I spent about a week in the Esperanto festival JES in Naumburg, Germany. (Jes means and is pronounced “yes”. It’s also an acronym meaning Young People Esperanto Week).
It was… pretty amazing Just having so many idealistic, non conformist people shoved together under one roof is cool enough in itself. Add in some interesting workshops and events, talking in Esperanto and LOTS of festivities and you have a pretty cool mix.
The Esperanto Culture
I love the Esperanto culture – and Esperanto does have a culture attached to it, much like natural languages are bound to cultures. Influenced a great deal by the creator Zamenhof’s joyful spirit, Esperanto conventions have a 125-year-long history of being full of dancing, hugging, cultural exchange and generally good times.
(I read in “In The Land Of Invented Languages” that certain people took particular exception to the Esperanto culture’s festive nature and made a derivative of it called “Ido” that would be focused on facilitating international business and relations. Their motto: “We Have Come Here To Work, Not To Amuse Ourselves.”
Esperanto spread rather better than Ido).
A lot of the stuff we did there was only indirectly related to Esperanto, or not at all except for the fact that most of us spoke in Esperanto while doing it. It didn’t seem to matter. A large number of people I already knew were there – I’ve already got quite a web of connections in the Esperanto world, it seems – and it was easy to make friends. There were a lot of romantic arrows flying here and there as well. (Me and my partner are polyamorous and so were quite a few people in JES. That made for quite an emotionally intense experience sometimes, but it was also pretty fun).
One particular highlight was the music. Esperantoland has some great bands in it. Pretty much every day there were one to three bands playing at night, and the quality was amazing. I was particularly in love with La Perdita Generacio (The Lost Generation) which is both great at creating amazing, meaningful songs and at performing them. The lead male singer, Tomio, shone with passion as he delivered his work. An amazing and sensitive guy, he seems low-key when you talk with him but his eyes are like slow-burning embers of joy and lust for life.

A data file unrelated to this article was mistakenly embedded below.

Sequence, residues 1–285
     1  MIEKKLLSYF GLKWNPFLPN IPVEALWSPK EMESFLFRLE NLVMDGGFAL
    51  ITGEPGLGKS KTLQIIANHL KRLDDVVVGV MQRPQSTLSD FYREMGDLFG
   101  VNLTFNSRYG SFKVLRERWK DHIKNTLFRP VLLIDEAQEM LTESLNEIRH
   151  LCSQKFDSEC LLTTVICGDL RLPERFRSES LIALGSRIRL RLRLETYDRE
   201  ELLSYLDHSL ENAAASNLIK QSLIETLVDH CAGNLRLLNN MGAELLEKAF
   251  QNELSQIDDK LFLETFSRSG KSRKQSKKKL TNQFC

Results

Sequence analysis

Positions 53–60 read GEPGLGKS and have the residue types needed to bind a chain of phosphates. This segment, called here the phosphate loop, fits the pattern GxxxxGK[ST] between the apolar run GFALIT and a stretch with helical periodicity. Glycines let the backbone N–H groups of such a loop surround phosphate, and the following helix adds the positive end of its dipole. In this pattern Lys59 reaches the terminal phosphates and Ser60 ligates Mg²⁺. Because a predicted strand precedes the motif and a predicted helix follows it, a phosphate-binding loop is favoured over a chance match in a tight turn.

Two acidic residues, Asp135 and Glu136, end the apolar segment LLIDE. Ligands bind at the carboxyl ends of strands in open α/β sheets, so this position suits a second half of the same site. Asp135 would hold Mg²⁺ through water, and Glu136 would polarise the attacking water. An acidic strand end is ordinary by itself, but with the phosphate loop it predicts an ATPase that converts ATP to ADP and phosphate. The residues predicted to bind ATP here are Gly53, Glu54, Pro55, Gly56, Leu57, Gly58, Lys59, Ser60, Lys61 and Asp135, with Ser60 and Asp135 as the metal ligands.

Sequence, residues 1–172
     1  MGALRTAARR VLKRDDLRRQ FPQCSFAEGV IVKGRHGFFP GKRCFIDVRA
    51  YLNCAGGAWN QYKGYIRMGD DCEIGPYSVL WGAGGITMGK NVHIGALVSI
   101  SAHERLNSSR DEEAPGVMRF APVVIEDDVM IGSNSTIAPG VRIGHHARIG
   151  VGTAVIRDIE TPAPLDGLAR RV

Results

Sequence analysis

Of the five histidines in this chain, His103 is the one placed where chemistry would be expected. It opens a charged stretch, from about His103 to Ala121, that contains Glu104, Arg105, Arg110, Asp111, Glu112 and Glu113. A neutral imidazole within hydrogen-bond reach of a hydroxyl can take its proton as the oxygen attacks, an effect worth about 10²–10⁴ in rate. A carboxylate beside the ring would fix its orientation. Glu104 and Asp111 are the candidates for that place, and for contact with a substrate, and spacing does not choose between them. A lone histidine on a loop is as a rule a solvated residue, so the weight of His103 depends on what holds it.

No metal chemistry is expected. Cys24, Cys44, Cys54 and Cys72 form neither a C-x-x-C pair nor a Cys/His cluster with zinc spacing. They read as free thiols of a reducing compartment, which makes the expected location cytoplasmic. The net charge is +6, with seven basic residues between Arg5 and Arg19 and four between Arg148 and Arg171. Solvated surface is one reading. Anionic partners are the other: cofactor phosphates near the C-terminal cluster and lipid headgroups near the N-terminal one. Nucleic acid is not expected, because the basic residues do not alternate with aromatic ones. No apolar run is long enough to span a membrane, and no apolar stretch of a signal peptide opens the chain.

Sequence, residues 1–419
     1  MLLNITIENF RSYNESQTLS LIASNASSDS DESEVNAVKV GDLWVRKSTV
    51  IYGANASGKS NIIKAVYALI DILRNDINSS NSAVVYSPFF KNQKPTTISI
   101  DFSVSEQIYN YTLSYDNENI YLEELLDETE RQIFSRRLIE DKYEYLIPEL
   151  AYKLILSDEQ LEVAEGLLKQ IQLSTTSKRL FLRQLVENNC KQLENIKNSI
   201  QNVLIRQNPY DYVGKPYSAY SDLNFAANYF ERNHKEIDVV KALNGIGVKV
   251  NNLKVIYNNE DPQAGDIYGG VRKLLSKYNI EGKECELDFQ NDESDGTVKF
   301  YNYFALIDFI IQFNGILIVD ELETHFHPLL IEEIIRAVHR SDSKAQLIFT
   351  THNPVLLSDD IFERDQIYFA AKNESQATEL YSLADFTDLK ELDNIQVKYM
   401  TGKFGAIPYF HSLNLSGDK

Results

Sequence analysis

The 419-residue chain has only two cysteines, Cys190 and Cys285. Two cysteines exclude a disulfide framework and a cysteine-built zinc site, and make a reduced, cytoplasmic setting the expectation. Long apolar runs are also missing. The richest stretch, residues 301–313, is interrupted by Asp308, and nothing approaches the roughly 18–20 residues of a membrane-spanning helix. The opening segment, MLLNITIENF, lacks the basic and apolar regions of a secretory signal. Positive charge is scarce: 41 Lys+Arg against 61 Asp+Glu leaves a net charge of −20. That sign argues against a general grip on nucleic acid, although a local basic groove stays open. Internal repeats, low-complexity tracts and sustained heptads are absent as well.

It seemed pretty amazing that I could enjoy La Perdita Generacio’s concerts for free and in a small venue rather than paying and having to be crammed into a space with thousands of other people (an experience I find very hard to enjoy, even if I love the band). It was also pretty cool to be able to make friends with Tomio. In anywhere else but Esperantoland, I feel, such amazing artists are usually much harder to reach.
My partner was helping out in the gufujo (lit: “owl container”, or night café) where we hung out a lot. It was a place of nearly free biscuits and tea of very many sorts, and darkness lit by only a few small candles on each table. Combined with live, low-key music, it had a wonderful ambience.
We also had a chance to swap clothes, buy Esperanto books, do language exchanges, play board games, try international food, learn to sing Esperanto songs, go for a walk around the historic town where the venue was located, and loads of other stuff.
And I learnt Esperanto: I was mildly surprised and pleased when I noticed that I could follow a conversation in Esperanto much better after the event than I could before.
It strikes me as pretty amazing how easy Esperanto is. Sometimes it’s easy to forget the importance of that: “Oh yes it’s easy, of course it is, it’s a grammatically simple constructed language. Of course it’s easy.” But then you realise people are communicating in that language. People who often could not communicate without it, or not as well. It’s so simple it could seem almost silly even until you realise… it works.
In answer to my curiosity, I met three and I think even four people who did not speak English but did speak Esperanto. But I also met rather a lot of people who spoke decent English but really good Esperanto. Esperanto yields so easily to study that I think it doesn’t take long for it to overtake a basic knowledge of English.
I’m mostly outlining this because I think what a good thing it would be if we all learnt Esperanto. But ideology aside, I think it’s even good in practical terms for some people who want to travel and experience a cultural exchange (e.g. through Esperanto events or the Pasaporta Servo, an Esperanto-speaking Couchsurfing type service). If you want to improve your English from moderately good to very good, you could aim for very good Esperanto instead. I am convinced that it would take less effort for most people.
I’m liking Esperanto events a lot, and am happy that I’m going to tag along with my partner to several in different parts of Europe each year.
I believe in Esperanto’s promise, but the wonderful thing in the present moment for me is what it makes you a part of. It’s a beautiful community, just the sort of vibe which makes me feel at home. It also gives you a great excuse to travel and an assurance of a welcome from the locals when you get there.
What do you think about Esperanto? I dare you to try learning some!